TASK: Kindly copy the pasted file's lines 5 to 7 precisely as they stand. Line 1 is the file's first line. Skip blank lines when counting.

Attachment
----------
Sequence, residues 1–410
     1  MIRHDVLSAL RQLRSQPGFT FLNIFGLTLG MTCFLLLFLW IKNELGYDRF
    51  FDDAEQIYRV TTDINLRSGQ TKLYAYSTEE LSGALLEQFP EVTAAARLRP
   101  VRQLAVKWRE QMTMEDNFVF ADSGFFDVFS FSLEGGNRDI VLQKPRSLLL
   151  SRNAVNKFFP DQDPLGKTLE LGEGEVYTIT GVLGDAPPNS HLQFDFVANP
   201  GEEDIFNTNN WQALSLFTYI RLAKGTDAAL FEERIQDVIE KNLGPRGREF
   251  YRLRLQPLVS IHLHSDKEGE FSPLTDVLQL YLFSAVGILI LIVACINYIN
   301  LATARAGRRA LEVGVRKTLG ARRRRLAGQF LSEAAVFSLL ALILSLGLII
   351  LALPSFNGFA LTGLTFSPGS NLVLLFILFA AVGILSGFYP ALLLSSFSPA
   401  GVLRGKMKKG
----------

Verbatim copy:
   151  SRNAVNKFFP DQDPLGKTLE LGEGEVYTIT GVLGDAPPNS HLQFDFVANP
   201  GEEDIFNTNN WQALSLFTYI RLAKGTDAAL FEERIQDVIE KNLGPRGREF
   251  YRLRLQPLVS IHLHSDKEGE FSPLTDVLQL YLFSAVGILI LIVACINYIN